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Kitgum residents cautioned over open defecation

By Agnes Kyotalengerire

Added 26th February 2018 07:10 PM

Residents were told to construct and use pit latrines in order to benefit from the treatment plant

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Residents were told to construct and use pit latrines in order to benefit from the treatment plant

PIC: Officials during the launch of the feacal waste treatment plant in Kitgum district recently. (Credit: Agnes Kyotalengerire)

HEALTH

KITGUM- Residents of Kitgum municipal council have been warned against open defecation as it puts them at risk of poor sanitation and hygiene diseases such as diarrhea, typhoid and cholera.

“Stop crude damping of feacal waste in the open so that we remain healthy and free of diseases,” Walter Tooroma, Kitgum municipal council mayor said. 

He made the remarks during the commissioning of the fecal waste treatment plant and closure of the EU project in Lamit village recently.

Tooroma urged residents to construct and use pit latrines in order to benefit from the treatment plant.

He also called upon cesspool emptier within and outside the district to support the project by taking the feacal waste to the plant and generate revenue to the municipality.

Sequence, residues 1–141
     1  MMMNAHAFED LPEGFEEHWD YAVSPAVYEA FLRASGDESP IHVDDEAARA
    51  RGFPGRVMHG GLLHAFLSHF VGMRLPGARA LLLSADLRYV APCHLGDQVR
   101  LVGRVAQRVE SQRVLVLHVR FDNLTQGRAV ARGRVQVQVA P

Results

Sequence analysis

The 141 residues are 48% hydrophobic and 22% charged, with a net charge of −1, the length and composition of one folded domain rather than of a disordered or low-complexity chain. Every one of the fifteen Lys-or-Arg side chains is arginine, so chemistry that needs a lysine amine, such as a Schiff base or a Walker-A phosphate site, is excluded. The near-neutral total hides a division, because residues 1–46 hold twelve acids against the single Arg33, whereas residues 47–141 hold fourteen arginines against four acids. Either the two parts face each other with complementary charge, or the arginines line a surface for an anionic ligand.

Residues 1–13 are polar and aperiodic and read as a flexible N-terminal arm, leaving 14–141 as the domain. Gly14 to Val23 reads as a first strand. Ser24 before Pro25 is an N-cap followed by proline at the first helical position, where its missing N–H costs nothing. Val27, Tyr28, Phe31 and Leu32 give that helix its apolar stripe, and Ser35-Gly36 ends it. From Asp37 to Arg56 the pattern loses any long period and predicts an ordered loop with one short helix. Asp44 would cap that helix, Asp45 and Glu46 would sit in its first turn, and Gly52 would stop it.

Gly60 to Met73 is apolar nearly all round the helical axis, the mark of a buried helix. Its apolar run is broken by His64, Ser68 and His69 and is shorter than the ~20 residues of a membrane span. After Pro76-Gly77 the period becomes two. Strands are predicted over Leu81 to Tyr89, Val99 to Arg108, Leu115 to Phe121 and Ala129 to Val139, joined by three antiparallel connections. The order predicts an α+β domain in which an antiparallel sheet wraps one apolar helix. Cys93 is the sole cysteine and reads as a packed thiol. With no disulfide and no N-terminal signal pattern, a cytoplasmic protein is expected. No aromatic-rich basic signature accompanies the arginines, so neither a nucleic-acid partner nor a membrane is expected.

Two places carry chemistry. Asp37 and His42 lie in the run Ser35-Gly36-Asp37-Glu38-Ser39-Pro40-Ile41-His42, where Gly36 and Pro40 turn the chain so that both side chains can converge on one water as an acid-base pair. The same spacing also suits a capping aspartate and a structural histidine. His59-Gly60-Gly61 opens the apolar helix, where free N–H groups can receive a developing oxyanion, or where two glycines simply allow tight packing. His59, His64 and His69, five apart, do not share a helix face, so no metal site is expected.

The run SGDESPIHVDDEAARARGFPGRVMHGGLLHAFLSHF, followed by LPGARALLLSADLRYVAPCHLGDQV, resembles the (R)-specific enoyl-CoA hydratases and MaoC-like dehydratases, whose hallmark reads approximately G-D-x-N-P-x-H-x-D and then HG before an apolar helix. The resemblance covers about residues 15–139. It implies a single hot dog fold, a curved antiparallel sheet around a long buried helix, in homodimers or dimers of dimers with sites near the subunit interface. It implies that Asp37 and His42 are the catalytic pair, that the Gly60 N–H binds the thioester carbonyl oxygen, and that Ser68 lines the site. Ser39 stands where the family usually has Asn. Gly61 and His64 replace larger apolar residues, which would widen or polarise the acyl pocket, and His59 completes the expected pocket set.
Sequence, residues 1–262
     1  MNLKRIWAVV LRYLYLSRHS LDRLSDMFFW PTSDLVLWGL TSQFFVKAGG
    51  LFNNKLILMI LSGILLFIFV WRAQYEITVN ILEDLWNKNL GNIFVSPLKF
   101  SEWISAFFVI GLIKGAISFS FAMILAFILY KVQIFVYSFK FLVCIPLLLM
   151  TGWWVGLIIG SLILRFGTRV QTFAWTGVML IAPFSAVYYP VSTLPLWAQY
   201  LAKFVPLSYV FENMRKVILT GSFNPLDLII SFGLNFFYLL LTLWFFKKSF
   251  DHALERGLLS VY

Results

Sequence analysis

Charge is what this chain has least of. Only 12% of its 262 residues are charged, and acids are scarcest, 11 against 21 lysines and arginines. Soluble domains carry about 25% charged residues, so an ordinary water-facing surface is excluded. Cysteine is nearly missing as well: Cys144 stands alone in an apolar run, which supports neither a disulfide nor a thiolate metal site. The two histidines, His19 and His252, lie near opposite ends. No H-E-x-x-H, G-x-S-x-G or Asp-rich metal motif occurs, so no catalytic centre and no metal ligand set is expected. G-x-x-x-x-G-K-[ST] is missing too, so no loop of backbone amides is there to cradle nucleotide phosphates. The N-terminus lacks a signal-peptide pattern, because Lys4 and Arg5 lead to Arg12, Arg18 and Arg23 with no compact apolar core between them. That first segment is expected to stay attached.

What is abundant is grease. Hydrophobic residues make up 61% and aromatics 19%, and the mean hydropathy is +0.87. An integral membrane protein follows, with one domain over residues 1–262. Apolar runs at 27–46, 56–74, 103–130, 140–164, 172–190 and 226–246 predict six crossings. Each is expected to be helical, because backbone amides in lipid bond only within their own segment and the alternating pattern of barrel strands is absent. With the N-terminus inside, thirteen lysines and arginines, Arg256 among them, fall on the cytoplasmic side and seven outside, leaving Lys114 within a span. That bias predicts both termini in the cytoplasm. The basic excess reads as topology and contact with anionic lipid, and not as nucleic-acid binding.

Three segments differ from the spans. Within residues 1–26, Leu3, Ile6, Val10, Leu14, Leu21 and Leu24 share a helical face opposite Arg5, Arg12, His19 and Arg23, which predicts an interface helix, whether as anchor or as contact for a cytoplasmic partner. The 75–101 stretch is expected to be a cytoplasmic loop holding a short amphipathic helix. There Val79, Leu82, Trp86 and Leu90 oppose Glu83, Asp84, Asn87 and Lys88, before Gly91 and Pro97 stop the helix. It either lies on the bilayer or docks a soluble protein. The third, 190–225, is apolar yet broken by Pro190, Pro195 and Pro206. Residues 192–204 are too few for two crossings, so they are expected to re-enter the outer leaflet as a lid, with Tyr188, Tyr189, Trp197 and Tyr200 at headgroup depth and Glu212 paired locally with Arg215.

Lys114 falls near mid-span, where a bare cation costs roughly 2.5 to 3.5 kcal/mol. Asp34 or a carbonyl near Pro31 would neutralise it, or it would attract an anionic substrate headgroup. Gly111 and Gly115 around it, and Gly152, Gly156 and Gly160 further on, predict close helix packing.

The march began at 9:00am on Friday


The treatment plant worth sh700million was a donation to the district from Amref Health Africa Uganda with funding from European Union and Amref Netherlands.

Dr. Patrick Kagurusi the programmes manager Amref Health Africa Uganda said the facility will benefit residents of Kitgum municipal council but also the surrounding districts such as Pader, Agago and Lamwo.

Dr. Kagurusi urged the management; leadership of the district to put it to good use so as to attract other people to put in resources and replicate it elsewhere.

Additionally, Eng. John Seryazi the advisor to the European Union delegation said the beneficiary community should ensure the facility is operated and maintained.

“It will be disheartening if the donors come to visit and find the facility in a bad shape,” Seryazi cautioned. 

According to the Home Improvement Campaign report, latrine coverage in Kitgum district is as low as 50%, which is below the national figure.

In Uganda, about 80% of the disease burden is sanitation-related and yet up to 20% of Ugandans defecate in the open, according to Ministry of Water and Environment Sector Performance report 2017.

The launch of the fecal sludge treatment plant kicked off at 9:00am from Kitgum municipal yard. It was led by a brass band played by pupils of St. Mauris Primary School in Gulu district.

Participants who included staff from European Union, Amref staff, Kampala Capital City Authority  as well as health ministry officials marched through Thua road to Lamit kein north.

The community could not contain their excitement about the achievement. Some women with babies strapped on their backs ululated as they marched.

However, marching under the scotching sun in a distance of close to seven kilometres left participants exhausted. After refreshing with cold water, they gained momentum and marched the remaining two kilometres to the plant.     

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